At a conference a few years ago I was discussing chemistry over gin and tonics with an assoc. prof from the University of XYZ. This fellow was one of the solid journeyman chemists in our field with a good eye for projects and opportunity, but like most of us, he is a warm-up band and not a headliner.  Eventually, the prof confided that he was patenting his work partly to extend his publication list- like sawdust in flour.  He had done some interesting work with a late transition metal. As the evening wore on, I could see the fire of gold fever in his eyes.  He believed that his patents would bring a stream of money and notoriety to his program. It’s natural.

Big things can happen with university IP. Some universities have substantial royalty streams filling their coffers. The institutions are able to capture value from the inventiveness of their faculty and students. When it works, it can fund new buildings, institutes, chaired faculty, and a horde of students and post-docs. When it doesn’t work, and most patents do not lead to cash flow, universities have to pay the cost of the patent plus maintanance fees out of strained budgets. Foreign fees can add up to large cash payouts every year.

At a dinner recently, I had the good fortune to dine with one of the rock stars of our field- a true headliner. This fellow had met the King of Sweden and has basked in the accolades of we minor players and roadies ever since.  For good reason- he was exceptionally productive.

After the sixth bottle of wine had been drained at our table, jaws were wagging and bad jokes and war stories were making the rounds. Eventually the rock star lamented that he was tired of writing patents and wanted to get away from intellectual property.  Working with lawyers just took too much time.

Another acquaintance is also a rock star who has met the King of Sweden. He actually is in the licensing business with a company on the side and students who do, or at least used to do, research for their degrees that was also considered to be intellectual property.  He too has a list of patents longer than your arm.

I am betraying no secrets here. Patents are public documents. University patenting is well down the road since the public law changed.

I’ve written about this topic before. The nature of IP and the academy has changed considerably since Bayh-Dole has allowed universities to apply for patents that were funded with public funds.

But the question for today is this:  Of what value are patents on an academic resume? Should a WO patent weigh as much as a JACS paper. Should a US patent weight the same as a JOC paper? What if a candidate has more patents than papers? Should patents lead to tenure? How should this calculation work?

A patent is not trivial or cheap. A patent application has to survive a large amount of a certain type of rigor in the examination process. A patent may have involved a good deal of scholarship. A good patent may teach and claim compositions of matter and processes that are truly ground breaking.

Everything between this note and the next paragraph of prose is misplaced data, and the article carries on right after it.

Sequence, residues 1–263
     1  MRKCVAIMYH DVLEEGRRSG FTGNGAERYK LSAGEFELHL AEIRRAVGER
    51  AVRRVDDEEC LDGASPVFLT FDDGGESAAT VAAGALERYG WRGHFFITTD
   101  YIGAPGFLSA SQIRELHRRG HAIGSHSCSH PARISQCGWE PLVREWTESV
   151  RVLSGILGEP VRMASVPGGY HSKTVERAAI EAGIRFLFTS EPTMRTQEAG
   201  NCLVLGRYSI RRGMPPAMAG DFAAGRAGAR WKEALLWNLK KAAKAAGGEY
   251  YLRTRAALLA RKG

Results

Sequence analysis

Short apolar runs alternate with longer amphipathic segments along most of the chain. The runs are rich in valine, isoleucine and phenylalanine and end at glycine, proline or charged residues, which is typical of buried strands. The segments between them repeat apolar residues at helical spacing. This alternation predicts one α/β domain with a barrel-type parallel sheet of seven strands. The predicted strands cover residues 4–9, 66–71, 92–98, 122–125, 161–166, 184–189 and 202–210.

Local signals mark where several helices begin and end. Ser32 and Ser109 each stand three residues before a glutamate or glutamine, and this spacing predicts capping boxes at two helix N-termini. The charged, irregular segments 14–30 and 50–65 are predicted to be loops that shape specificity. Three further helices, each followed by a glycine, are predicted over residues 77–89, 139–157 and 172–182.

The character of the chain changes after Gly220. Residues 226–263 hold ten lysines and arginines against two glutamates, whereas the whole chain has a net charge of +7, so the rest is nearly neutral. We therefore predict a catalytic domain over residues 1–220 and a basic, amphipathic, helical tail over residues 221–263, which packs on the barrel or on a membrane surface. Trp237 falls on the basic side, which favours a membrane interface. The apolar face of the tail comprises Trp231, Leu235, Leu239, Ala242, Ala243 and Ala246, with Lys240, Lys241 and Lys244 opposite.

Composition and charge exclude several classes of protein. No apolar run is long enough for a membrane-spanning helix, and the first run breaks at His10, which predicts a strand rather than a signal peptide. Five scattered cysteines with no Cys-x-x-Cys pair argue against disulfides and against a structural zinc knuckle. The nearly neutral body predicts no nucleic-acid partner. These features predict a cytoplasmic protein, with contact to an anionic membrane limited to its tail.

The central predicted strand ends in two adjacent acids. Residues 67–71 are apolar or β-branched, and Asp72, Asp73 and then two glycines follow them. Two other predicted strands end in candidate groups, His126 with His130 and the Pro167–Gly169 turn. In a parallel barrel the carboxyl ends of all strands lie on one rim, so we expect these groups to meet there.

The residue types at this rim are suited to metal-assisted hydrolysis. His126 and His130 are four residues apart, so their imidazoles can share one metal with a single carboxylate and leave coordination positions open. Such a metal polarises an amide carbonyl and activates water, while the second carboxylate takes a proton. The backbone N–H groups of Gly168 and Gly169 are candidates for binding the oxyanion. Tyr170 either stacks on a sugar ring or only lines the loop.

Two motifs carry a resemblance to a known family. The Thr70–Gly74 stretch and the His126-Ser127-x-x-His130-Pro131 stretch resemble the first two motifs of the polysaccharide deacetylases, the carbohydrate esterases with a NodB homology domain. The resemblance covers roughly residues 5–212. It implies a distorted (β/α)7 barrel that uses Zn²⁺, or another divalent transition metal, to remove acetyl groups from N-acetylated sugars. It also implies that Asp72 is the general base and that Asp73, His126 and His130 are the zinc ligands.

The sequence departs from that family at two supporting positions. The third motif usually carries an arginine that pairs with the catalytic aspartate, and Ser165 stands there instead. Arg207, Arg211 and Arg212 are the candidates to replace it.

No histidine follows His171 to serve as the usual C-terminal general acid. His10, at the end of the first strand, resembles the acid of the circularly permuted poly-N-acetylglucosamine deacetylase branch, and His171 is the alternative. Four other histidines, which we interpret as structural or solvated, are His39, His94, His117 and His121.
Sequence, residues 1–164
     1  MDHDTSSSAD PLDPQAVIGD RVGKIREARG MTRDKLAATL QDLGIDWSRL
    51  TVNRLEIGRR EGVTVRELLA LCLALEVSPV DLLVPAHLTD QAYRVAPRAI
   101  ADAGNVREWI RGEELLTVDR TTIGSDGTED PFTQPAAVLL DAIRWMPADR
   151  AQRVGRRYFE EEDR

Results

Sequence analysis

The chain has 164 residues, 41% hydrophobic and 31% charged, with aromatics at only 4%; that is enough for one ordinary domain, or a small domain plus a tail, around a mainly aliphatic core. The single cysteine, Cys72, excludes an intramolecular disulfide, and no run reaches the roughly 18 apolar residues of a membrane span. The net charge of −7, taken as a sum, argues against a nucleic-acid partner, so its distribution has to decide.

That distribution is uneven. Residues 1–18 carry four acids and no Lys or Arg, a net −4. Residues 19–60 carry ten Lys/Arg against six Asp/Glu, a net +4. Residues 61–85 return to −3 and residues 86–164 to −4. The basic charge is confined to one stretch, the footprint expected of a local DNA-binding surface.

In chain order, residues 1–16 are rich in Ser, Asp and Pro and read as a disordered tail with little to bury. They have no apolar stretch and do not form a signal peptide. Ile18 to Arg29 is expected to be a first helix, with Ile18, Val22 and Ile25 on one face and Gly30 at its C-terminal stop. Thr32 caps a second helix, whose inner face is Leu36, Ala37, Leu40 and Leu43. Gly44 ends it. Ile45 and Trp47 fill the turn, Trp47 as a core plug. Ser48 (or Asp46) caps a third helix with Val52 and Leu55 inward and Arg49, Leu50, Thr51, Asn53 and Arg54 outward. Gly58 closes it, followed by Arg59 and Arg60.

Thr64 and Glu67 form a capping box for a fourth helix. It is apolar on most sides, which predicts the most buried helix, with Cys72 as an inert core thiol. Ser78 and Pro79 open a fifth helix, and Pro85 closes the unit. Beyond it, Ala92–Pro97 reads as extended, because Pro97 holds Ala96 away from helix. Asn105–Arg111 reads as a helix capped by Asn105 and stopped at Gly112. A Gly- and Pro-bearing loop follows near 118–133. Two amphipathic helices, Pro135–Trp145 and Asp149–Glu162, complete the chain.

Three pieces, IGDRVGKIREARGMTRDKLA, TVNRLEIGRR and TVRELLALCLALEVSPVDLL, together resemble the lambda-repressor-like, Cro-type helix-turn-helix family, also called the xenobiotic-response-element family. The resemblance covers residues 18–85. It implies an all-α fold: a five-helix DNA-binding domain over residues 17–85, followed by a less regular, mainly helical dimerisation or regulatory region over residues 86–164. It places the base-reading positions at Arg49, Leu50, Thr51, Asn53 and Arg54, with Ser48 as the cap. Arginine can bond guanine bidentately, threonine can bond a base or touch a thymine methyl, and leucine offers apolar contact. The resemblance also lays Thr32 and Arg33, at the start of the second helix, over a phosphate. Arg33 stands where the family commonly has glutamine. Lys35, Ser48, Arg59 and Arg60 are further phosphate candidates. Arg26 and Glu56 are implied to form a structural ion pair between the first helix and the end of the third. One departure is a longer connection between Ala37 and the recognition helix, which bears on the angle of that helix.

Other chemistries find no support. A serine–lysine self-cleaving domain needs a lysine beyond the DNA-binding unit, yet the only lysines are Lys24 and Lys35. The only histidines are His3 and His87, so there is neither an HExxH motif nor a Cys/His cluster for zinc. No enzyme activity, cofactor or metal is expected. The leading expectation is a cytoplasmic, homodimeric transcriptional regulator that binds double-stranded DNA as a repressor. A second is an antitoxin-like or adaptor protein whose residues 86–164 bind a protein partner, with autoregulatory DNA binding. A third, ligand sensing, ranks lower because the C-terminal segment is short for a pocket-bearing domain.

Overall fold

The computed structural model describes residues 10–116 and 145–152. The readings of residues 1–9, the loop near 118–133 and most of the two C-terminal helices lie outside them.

But a bad patent based on work that was never actually done can share the same playing field as one that is genuine and valuable. The rigor of examination is more of a statutory process relating to obviousness, novelty, and utility. A citizen or organization is entitled to a patent under the Constitution, provided that certain conditions are met.

Nobody is entitled to a scientific paper. Scientific societies are in the business of encouraging scholarship by providing a venue for the screening and dissemination of written works by investigators. There is a pecking order in all fields, and chemistry is no different. A layered ordering of prestige and glory definitely exists and few are shy in their opinions about such ranking.

It is hard to argue that the scholarly path is not in the direction of maximum credibility. Patents are not officially peer reviewed by fellow workers in the field. But the patent literature is a vast reservoir of credible technical information that I think may be widely underappreciated.

So while a patent probably shouldn’t carry the same weight as a refereed paper in terms of scholarship, a patent can in principle represent a large amount of successful R&D. I would argue that it can be regarded as a type of commercial accomplishment that is worthy of a place on a resume.

A patent is, after all, a property right that can be bought and sold like a mining claim or mineral rights. It is a type of holding owned by the assignee but not necessarily the inventor. Patents also enjoy the assumption of validity by the courts, so knocking one down requires some determination and money by a challenger. A scholarly work requires only another paper contradicting the results to be brought under the unblinking eye of scrutiny.

In summary, I would offer that a published paper confers a sort of warranty of scholarship, knowledge, and expertise. A patent confers a property right. A patent may teach a good deal about certain arts and may well be bullet-proof in its authenticity. But a patent is not in the same league as a paper and shouldn’t be regarded as equivalent to a scholarly publication. However, a patent does represent a very real type of accomplishment that may be substantial, so discounting them should not be done either. Actually, a patent is one of the few real measures of accomplishment in a secretive industry. Patents are a plus and should figure into the total profile of a candidate.

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